This Halloween season delivered a number of horror films, but none so surprising as TERRIFIER 2. With HALLOWEEN ENDS being considered by many to be a disappointment, it’s this surprise indie film that people can’t seem to stop talking about. Social media has been abuzz with reports of audience members passing out and vomiting, one instance resulting in an ambulance being called. With a budget of $250,000, it has made over 30 times that amount, raking in $10.1 million to date. Not bad for a two and a half hour long gorefest the likes of which we haven’t seen since schlocky slashers of the 80’s.
With the unexpected success of TERRIFIER 2, writer/director Damien Leone has introduced the world to its latest horror icon: Art the Clown. Having made his diabolical debut in the 2008 short film THE 9TH CIRCLE (and originally portrayed by Mike Giannelli,) he reappeared in 2013’s anthology horror film ALL HALLOWS’ EVE. However it wasn’t until 2016’s TERRIFIER that the character began to gain iconic status. Recast with actor (and real-life mime) David Howard Thornton, his vile, ruthless demeanor and creepy appearance is only amplified by a frankly masterful performance, sparking whispers of achieving horror icon status right up there with the likes of Freddy Kreuger, Jason Vorhees, and Leatherface. His black and white costume and makeup and completely silent pantomime gives him an uncommon edge amongst scary cinematic clowns; Pennywise he is not. As someone who isn’t afraid of clowns in the slightest, I can honestly say he’s scary as hell.
The blood-soaked opening sequence picks up exactly where the first film ended, leaving no doubt in our minds what sort of film we’re about to experience. It’s an audacious film, touting a shocking run-time for a slasher at a surprisingly quick-paced two hours and eighteen minutes. It’s mean, cruel, and vile. It’s bloody and nasty and hateful. It’s just plain sick. It’s also a lot of fun.
The film attempts to build upon the lore behind Art the Clown, planting the seeds of a backstory the sprouts of which I expect we will begin to see in the inevitable third film. It succeeds, but only to an extent. While the first film treats its characters as vapid meatbags existing solely to be murdered in shocking ways, TERRIFIER 2 makes an attempt to introduce characters we’re meant to care about, giving them what’s intended to be depth and empathy. It’s a noble attempt, however poorly-written, silly dialogue and no-budget acting prevent the film from ever being what it sets out to be—and honestly, I think that works in its favor. No one’s watching the movie for the plot. You watch TERRIFIER 2 because your friend on Facebook said it was the grossest thing they’ve ever seen, or someone on Twitter mentioned the now-infamous bedroom kill scene. It’s morbid curiosity that’s leading the flock to slaughter, not the hope for meaningful character development.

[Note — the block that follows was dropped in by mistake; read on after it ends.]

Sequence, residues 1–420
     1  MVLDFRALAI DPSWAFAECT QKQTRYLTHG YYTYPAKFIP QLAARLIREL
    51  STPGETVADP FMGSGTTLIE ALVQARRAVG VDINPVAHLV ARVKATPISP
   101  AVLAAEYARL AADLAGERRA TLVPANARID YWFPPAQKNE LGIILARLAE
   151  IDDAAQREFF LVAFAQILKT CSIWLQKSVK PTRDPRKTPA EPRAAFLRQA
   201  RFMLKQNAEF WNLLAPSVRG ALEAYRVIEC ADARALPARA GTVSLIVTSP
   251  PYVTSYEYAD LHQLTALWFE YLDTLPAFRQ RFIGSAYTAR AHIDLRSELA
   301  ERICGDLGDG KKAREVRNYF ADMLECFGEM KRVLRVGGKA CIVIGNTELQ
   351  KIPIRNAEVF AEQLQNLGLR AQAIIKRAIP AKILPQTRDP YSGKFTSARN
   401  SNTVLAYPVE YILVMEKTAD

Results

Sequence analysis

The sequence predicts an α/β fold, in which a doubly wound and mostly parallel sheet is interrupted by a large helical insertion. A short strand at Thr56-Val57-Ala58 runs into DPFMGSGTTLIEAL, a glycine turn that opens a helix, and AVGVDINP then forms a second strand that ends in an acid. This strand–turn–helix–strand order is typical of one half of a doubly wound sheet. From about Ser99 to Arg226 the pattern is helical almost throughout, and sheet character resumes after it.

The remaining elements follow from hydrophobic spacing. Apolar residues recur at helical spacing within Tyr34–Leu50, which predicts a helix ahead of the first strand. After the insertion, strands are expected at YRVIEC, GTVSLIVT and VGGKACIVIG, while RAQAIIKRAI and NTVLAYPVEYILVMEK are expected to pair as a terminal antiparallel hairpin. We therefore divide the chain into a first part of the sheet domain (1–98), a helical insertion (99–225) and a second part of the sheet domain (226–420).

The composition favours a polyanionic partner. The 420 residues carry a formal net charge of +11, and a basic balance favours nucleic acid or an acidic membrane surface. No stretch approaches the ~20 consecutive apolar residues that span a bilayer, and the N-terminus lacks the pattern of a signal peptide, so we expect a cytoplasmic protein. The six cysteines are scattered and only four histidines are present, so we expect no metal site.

The thing is, while the movie is better than the first one, does that necessarily make it a good movie? I don’t think so. The storyline is being touted by some as good universe-building but comes off as dorky 80’s-inspired high school age fanboy fan fiction. Actress Lauren LaVera, who plays Sienna, our heroine, gives a capable performance considering the material she’s been given to work with, rising just above the script. She knows what movie she’s in but plays it unironically which, frankly, can’t be said for the whole cast. (She’s also a martial artist in real life, performing her own impressive stunts in the film.) Another performance of note is Jonath Davis who plays Ricky, a worker at NYC’s iconic Abracadabra costume shop. His role his small but relatable to anyone who works in customer service. It’s a brief role but a memorable scene.
When it comes down to it there are two types of audience members for this movie: the non-horror-going gawkers who are passing out and puking in theaters, and the hard-core, die hard horror fans cheering on the incredibly elaborate, impressive practical effect-laden kill scenes. If you’re a horror fan it’s a fun, gross watch. If you’re not a horror fan you’re never going to look at your horror fan friends the same way again.
Oh, and if you haven’t gotten enough of a cinematic shock by the film’s finale, be sure to stick around for the credits.
TERRIFIER 2 is in theaters now and available to stream on Screambox.